Félix Fénéon

Photograph of Félix and Fanny Fénéon in their apartment. c. 1926–28. 7 × 4 3/4" (17.8 × 12.1 cm). The Hilla von Rebay Foundation Archives, New York. © The Solomon R. Guggenheim Foundation

Félix Fénéon: Conclusion 328

Curator, Starr Figura: In this last section in particular, there are a number of works by artists like Matisse, Modigliani, Seurat, Bonnard, as well as African and Oceanic objects that Fénéon once owned. They were stuffed together along with hundreds of other works in the succession of small apartments that he and his wife lived in, in Paris.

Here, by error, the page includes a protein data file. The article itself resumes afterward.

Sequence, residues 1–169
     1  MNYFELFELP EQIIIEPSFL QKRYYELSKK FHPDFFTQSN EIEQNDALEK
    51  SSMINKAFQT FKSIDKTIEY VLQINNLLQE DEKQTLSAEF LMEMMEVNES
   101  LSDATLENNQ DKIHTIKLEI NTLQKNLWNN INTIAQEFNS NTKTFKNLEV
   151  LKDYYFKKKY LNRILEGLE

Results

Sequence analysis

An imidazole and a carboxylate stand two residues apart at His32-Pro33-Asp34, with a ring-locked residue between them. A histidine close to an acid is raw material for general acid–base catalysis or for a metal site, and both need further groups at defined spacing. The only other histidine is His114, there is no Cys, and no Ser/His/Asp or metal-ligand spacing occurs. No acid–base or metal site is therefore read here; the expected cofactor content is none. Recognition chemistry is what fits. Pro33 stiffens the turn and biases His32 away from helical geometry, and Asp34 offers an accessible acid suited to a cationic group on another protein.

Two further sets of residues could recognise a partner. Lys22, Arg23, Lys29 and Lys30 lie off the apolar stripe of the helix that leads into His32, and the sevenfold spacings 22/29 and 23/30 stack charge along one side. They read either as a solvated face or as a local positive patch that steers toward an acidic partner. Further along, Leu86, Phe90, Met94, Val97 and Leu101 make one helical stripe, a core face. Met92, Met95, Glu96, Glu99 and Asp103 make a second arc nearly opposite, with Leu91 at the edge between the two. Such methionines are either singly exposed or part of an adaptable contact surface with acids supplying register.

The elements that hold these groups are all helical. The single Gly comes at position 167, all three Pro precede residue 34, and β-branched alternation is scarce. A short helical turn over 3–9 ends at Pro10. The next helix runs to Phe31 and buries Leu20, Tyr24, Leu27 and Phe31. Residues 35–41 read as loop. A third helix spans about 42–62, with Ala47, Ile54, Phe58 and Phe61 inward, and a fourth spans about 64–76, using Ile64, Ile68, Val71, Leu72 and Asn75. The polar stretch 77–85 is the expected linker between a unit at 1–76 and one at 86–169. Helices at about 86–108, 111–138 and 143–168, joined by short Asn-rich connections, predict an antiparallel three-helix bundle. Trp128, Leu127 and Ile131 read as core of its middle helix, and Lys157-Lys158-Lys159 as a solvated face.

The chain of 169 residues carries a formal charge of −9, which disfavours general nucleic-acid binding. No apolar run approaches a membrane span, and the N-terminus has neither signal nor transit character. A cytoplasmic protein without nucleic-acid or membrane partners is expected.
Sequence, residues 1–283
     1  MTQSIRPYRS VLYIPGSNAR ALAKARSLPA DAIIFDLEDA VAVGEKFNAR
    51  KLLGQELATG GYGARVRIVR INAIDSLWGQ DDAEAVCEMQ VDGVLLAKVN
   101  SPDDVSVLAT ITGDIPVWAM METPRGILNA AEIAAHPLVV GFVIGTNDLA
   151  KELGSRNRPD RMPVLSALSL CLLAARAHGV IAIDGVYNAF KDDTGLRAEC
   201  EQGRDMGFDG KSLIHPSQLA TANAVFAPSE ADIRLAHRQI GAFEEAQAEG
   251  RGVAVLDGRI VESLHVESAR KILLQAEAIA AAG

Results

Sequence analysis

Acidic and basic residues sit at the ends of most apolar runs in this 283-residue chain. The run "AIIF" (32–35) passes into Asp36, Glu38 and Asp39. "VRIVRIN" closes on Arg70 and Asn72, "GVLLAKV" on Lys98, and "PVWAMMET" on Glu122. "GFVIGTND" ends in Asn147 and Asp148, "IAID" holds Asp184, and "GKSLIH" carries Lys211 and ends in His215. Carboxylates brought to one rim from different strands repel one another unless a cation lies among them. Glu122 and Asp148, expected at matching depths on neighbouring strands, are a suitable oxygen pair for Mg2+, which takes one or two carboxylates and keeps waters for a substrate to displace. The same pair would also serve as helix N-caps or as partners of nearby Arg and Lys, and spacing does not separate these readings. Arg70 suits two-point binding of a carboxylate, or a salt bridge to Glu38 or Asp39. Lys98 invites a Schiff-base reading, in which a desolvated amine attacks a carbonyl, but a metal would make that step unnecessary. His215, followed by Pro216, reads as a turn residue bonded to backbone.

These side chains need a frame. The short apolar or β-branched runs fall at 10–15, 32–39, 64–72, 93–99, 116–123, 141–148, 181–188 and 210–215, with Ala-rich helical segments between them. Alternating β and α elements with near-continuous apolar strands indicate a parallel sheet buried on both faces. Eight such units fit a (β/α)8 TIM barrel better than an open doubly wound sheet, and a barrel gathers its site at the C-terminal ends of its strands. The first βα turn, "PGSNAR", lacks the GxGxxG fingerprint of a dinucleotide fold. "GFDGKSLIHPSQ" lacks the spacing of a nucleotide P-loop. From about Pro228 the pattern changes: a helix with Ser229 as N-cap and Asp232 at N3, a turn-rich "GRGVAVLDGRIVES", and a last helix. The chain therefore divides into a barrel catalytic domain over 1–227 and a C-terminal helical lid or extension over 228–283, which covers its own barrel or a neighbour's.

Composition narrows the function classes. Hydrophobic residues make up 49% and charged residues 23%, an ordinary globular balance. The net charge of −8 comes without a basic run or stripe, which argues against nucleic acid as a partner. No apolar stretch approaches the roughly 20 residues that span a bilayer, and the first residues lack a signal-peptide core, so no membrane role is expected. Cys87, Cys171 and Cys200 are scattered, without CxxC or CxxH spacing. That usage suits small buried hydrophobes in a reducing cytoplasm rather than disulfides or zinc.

Author, Mitchell Abidor: He continues to be followed by the Parisian police. And as late as 1908, he's still being reported as an active anarchist militant. He never, ever gave up on his beliefs. So he remained a leftist to the end of his life.

Starr Figura: He did not want his works to go to the state because he was disappointed that the Louvre and other museums were not embracing and enthusiastically collecting the work of avant-garde French artists. During his lifetime, Fénéon was constantly buying and selling works of art from his collection. When he died, there were hundreds of paintings and hundreds of sculptures that were auctioned off. And you can see the catalogs for the four separate auctions in this gallery.

Mitchell Abidor: Everything that he was aiming at was like freeing humanity from the chains that they were living in. In a period full of interesting characters, Fénéon in his own quiet way, was one of the most fascinating.

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